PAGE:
Sunday, 01 November 2020

CONNECT Centre launches 'Open Ireland': a €2 million open networking research infrastructure

posted by CONNECT Centre
Monday 28 September 20

‘Open Ireland’, a €2 million research infrastructure to support advanced experimentation in communications networks, has been launched by CONNECT, the Science Foundation Ireland research centre for future networks, at Trinity College Dublin. Dr Marco Ruffini, Associate Professor in Optical Network Architectures in the School of Computer Science and Statistics at Trinity, will manage the operation of the infrastructure which will include a dedicated fibre connection between Trinity College Dublin and Dublin City University, as well as the deployment of macro and small cells to provide radio coverage…

‘Open Ireland’, a €2 million research infrastructure to support advanced experimentation in communications networks, has been launched by CONNECT, the Science Foundation Ireland research centre for future networks, at Trinity College Dublin.

Dr Marco Ruffini, Associate Professor in Optical Network Architectures in the School of Computer Science and Statistics at Trinity, will manage the operation of the infrastructure which will include a dedicated fibre connection between Trinity College Dublin and Dublin City University, as well as the deployment of macro and small cells to provide radio coverage. Funded primarily by Science Foundation Ireland’s ‘Research Infrastructure Programme’, additional contributions are expected from companies who will collaborate with academic researchers to explore new applications and services.

The testbed will take an end-to-end approach to the network, including wireless, optical and cloud-based research using open interfaces and open source. It will investigate intelligent control plane technology and protocols, and enable 100X scalability, exploring issues such as capacity, latency, availability, energy, and automation.

It's key features are:

- Open Ireland will be based on open networking technology, making use of open interfaces and open source. It will include OpenRAN, cloud central office, and disaggregated optical systems.
- It will enable experimentation on AI-based intelligent control mechanisms, to provide full network automation and customisation, across wireless, optical and cloud domains.
- It will enable experimentation on network infrastructure sharing, across multiple operators and services, to help with cost savings and a greener, more sustainable approach to networking.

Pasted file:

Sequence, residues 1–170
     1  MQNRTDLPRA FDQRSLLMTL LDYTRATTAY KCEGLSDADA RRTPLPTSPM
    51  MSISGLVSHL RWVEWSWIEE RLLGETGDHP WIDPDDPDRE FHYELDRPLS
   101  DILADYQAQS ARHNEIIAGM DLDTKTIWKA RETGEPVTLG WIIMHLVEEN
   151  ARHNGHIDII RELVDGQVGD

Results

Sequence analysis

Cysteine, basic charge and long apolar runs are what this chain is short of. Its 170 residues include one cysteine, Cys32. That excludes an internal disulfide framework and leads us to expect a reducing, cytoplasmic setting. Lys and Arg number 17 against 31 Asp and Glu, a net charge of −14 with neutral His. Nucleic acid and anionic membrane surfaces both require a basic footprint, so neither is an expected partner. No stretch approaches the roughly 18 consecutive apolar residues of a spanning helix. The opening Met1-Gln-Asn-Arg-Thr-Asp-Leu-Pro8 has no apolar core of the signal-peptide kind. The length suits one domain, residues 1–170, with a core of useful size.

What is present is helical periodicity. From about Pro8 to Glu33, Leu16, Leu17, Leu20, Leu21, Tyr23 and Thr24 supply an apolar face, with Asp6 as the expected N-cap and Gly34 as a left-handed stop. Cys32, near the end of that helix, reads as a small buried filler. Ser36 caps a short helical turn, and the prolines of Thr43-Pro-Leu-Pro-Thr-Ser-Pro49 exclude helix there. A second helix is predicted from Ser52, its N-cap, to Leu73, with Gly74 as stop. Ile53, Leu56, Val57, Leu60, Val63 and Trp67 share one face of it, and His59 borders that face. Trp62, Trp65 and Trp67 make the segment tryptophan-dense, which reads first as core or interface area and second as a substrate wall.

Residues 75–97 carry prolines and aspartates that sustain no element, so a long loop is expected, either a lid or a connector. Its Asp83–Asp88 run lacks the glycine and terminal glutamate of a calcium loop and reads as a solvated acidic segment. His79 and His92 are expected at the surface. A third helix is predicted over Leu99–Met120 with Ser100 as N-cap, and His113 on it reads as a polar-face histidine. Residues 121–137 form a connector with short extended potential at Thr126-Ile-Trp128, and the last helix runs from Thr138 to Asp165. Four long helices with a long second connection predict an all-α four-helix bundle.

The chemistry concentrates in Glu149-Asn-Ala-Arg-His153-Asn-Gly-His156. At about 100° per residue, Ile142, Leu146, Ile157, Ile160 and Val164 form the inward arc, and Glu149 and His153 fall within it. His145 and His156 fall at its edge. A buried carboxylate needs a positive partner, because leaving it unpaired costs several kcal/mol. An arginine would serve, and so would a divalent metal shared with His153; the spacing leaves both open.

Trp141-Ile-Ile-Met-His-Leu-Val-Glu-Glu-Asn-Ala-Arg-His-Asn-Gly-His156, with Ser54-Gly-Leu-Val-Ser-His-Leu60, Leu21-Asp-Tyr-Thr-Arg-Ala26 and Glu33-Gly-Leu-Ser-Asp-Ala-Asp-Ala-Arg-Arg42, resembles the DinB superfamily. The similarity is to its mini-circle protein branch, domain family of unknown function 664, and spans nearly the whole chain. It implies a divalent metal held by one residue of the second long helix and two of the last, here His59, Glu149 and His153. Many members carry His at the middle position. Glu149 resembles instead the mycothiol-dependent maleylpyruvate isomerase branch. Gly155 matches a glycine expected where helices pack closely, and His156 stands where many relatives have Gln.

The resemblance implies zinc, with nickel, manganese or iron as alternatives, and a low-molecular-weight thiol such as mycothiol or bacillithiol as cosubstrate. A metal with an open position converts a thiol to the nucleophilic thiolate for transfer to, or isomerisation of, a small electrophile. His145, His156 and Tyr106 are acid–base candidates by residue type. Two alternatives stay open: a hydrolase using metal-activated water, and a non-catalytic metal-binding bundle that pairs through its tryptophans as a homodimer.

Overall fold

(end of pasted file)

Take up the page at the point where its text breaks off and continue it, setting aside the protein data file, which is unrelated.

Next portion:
- It will consist of both indoor and outdoor cells, based on OpenRAN split 7.2. It will include optical transmission technology to experiment on distances of 2,000 km.
- It will use dark fibre connectivity in Dublin’s docklands and to DCU, providing the freedom to carry out any type of transmission experiments, without causing disruption to production networks.

Speaking at the launch, Dr Marco Ruffini said:
“This is a game-changer for networks research in Ireland: it will allow us to explore real-world situations outside the traditional laboratory environment, and it will open up the full span of the communications network – wireless radio, optical fibre, and data centres – for testing.
“Our approach is based on open networking solutions, which allow for the continuous improvement of the network. This has the potential to deliver better experiences for users such as the addition of intelligence mechanisms based on machine learning algorithms.
“Advances in communications networks will drive the digital economy in the years ahead so it is essential that Ireland is a leader in the field if we are to experience benefits in fields such as telemedicine.
“Open Ireland will support research in areas such as resource virtualisation and orchestration, from wireless spectrum to edge cloud; deterministic and low-latency end-to-end networking; next generation dynamic optical switching and transmission; and converged orchestration of mobile, optical and cloud networking.”

Welcoming the announcement, Prof. Linda Doyle, Dean of Research at Trinity College Dublin, said:

“This is great news for research in communication networks in Ireland. For the first time, researchers will be able to perform end-to-end research across heterogeneous network domains, including mobile networks, optical networks and cloud computing resources.

“This will be a significant support for applications for major European funding awards, and will enhance the national research ecosystem by providing opportunities for further collaboration between industry and academia.”

Dr Siobhan Roche, Director Science for Economy, Science Foundation Ireland, said:

“The aim of the SFI Research Infrastructure Call is to support the research community in building and sustaining the infrastructural capacity to accomplish high quality, high impact, innovative research, while enhancing and underpinning enterprise competitiveness and societal development in Ireland.

“This new research infrastructure will accelerate Ireland’s development as a global leader for innovation in next-generation communication networks. It will be a significant asset for attracting research funding and industry investment in Ireland.”


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